About three and a half years ago I took the initiative to design, to the degree that I left a very successful business on the basis that the philo- sophy that I had been developing over a career really needed the freedom of being on my own, because of the freedom that existed within the furniture profession for designers, so that seemed like a place I could express some applied thoughts that I have been working on for quite a while about.indus— trial design. Industrial design is a thing of course very enigmatic, in some people's minds, but basically to me it's the design of products for everyday use that are mass—produced. And this is the key word. But you have to embrace the limitations of the process which is of course those things that can be stamped, cast, rolled, formed and extruded through what we call tooling. Tooling is a very expensive foundation for the manner of manufacture. In short, you put large volumes of money up front, build elaborate jigs, fixtures and dyes, and as a result you obtain parts that are often quite complex, but, for the price of each, are very inexpensive. Now this immediately puts a burden on the designer to the degree that he must consider working very closely with engineers, both of the theoretical, prac- tical and manufacturing categories, but also with marketing people, management people, and all of the specialties that go into the modern corporation. But because designers currently have been limited to aesthetic training largely, then they generally don't have this command of the fundamental nature of the product. And this is where I felt there was room for taking the initiative in design, to move more towards what has traditionally been known as the functional side of the design equation, and I relate that to the old axiom 'form follows function'. And we have mostly been obsessed with the form side of it and not the function side.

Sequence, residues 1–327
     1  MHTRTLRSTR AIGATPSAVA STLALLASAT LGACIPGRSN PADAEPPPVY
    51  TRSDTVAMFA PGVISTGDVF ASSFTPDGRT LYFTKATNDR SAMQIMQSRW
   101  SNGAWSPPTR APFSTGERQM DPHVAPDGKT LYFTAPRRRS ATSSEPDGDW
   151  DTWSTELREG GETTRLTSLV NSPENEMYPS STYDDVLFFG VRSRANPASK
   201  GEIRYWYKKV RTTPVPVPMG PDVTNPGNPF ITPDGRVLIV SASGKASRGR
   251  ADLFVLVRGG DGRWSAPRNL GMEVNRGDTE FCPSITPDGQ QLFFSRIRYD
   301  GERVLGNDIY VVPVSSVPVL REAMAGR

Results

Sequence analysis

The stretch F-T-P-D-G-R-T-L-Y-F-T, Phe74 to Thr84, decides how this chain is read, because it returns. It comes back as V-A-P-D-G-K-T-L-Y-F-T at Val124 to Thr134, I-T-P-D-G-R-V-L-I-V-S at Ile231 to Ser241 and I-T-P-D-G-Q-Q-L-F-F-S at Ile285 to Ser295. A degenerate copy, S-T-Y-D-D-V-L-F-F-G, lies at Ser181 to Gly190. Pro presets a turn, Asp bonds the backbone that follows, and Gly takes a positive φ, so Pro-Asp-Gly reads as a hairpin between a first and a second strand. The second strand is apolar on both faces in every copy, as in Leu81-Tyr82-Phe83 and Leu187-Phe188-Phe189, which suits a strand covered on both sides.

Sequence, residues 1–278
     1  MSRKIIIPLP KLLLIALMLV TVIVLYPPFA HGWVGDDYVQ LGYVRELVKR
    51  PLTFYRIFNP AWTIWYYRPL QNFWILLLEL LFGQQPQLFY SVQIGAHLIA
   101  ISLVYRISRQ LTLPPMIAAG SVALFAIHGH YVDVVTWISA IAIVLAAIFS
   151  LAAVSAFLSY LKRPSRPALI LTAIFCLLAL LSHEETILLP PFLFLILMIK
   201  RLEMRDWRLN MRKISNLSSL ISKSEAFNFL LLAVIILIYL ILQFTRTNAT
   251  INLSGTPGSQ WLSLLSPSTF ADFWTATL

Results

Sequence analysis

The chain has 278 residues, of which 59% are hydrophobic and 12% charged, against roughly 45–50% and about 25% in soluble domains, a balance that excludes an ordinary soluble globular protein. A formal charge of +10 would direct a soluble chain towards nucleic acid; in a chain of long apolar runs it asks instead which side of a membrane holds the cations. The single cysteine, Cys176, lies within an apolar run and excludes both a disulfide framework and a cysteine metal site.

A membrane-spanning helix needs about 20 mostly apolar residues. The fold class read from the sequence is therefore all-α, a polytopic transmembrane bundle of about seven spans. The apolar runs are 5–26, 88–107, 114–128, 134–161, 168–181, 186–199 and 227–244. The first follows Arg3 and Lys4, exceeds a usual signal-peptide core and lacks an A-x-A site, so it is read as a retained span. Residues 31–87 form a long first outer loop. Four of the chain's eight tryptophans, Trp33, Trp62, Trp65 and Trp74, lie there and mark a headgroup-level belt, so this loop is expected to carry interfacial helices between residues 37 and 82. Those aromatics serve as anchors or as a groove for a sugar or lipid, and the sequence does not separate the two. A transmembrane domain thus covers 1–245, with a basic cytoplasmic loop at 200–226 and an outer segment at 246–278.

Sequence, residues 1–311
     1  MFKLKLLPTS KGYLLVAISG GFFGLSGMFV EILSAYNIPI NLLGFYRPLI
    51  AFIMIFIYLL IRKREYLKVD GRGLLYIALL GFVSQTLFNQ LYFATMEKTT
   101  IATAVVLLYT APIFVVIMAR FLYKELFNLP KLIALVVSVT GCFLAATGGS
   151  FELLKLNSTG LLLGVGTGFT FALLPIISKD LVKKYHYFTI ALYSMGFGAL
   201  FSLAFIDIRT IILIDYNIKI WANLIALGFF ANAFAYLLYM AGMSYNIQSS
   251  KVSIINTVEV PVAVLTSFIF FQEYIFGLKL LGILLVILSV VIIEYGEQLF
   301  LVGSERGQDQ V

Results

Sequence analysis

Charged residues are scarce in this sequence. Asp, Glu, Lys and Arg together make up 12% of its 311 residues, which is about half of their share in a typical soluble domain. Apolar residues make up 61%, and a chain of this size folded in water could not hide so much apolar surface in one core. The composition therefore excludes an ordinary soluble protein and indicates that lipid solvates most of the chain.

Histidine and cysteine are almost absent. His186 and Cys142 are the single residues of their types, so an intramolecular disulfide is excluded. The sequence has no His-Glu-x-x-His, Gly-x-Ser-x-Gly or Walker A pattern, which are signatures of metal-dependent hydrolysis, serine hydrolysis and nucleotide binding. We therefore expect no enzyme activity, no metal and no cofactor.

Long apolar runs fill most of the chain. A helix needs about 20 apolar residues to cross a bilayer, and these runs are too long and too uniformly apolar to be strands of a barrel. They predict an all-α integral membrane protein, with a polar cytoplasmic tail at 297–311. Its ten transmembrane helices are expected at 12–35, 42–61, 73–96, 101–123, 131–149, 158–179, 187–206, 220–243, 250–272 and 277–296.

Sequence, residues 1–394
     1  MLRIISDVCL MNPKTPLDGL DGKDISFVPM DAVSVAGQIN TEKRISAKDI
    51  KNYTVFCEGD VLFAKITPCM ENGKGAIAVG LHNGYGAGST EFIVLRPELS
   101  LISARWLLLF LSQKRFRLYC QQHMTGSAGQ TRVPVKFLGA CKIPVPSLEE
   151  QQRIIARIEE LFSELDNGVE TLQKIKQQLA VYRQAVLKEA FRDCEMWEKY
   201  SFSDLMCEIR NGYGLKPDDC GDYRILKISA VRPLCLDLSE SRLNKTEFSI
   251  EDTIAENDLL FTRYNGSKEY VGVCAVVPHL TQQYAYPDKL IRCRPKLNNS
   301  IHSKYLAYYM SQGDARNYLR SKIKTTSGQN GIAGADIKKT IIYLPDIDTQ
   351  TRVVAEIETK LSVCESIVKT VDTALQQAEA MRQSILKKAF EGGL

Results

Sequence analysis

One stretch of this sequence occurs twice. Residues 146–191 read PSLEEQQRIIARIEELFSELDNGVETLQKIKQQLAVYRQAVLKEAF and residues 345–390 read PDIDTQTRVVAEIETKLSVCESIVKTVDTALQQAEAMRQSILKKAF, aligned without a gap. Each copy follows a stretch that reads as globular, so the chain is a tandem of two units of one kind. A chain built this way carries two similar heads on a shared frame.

And the way this has manifested itself most clearly in my mind is through the Bauhaus and the Modern Movement and the machine aesthetic, to the degree that I have come to the conclusion that these people were not really developing an intrinsic form related or growing out of function. They were developing a form that implied function. They were taking the smooth, glossy and frivo- lous aspects of the machine and visually incorporating them in very appealing and successful designs. But they weren't doing it the way of Issigonis and Brunel who of course knew how to build things. Brunel knew how to build a giant ocean liner or a tunnel under a river or a bridge, and he knew the structure of how it worked.' Issigonis knew how an automobile was built, and he knew how to engineer its suspension and its engine. And at the same time, if you look at Issigonis' work, you see that he sketched body forms the same as any industrial designer of today would do. But that was full scope designing, at least within reason it was full scope. The Bauhaus was not full scope design. The Bauhaus was craft and the machine aesthetic. These people were not really setting out to improve the design of functional objects, they were setting out to establish the somewhat revolutionary— inspired aesthetic movement. And it was terribly effective. And one of the main reasons it was not discovered as just a fashion and an aesthetic period piece was the fact that, at that point, machine—made goods were not all that advanced. You could get away with it, and bent steel tubes chrome—plated were very close to being at the same level of development as many mass—produced techniques of the day. But the burden it has placed on us as designers has been that these have existed and persisted as role-models for what Modern design is really all about and what modern functional form type design is all about. Museums like the Museum of Modern Art have a collection of largely machine aesthetic Moder— nist products that are judged on a strictly aesthetic basis, because there's no—one there qualified to judge it on any other basis. And these are objects that will sit on pedestals as art sits on pedestals. Now functional products don't exist in that kind of condition. Functional products exist in the circumstances in which they're used and they're most often used by people. And this is the key to the difference between the interpretation of function - via the early Bauhaus and machine—aesthetic people - over what truly existed. When Issigonis did his car, and he turned the engine around, he created function. And the value of that function could be determined by its service to people. My approach is 'the function is the thing'. I prefer to talk about it from the standpoint of performance and I also prefer to evaluate all function and all performance in human terms. The key to all this is knowing more about people. There is a field called 'human factors engineering' — in Europe it's referred to more as ergonomics. I was first exposed to this over twenty—five years ago in the office of Henry Dreyfuss. He began his own studies of human factors and accumulating data about the relationship of human beings with their environment and especially with products. I've learned that this is a very rich resource for determining the functional characteristics of products. We're talking about designing a practical art now, we are talking about use, and we've got to build the practical side of the activity as much as the art side. And in order to do that, we have to have a substantial base of information and performance that we can build on and record for future use. This will only happen in the avenue of human factors, and it will only be useful in the combination of the strict special— ist in human factors with the applied combination of human factors and design. And this is the direction in which I've been working in my latest projects.
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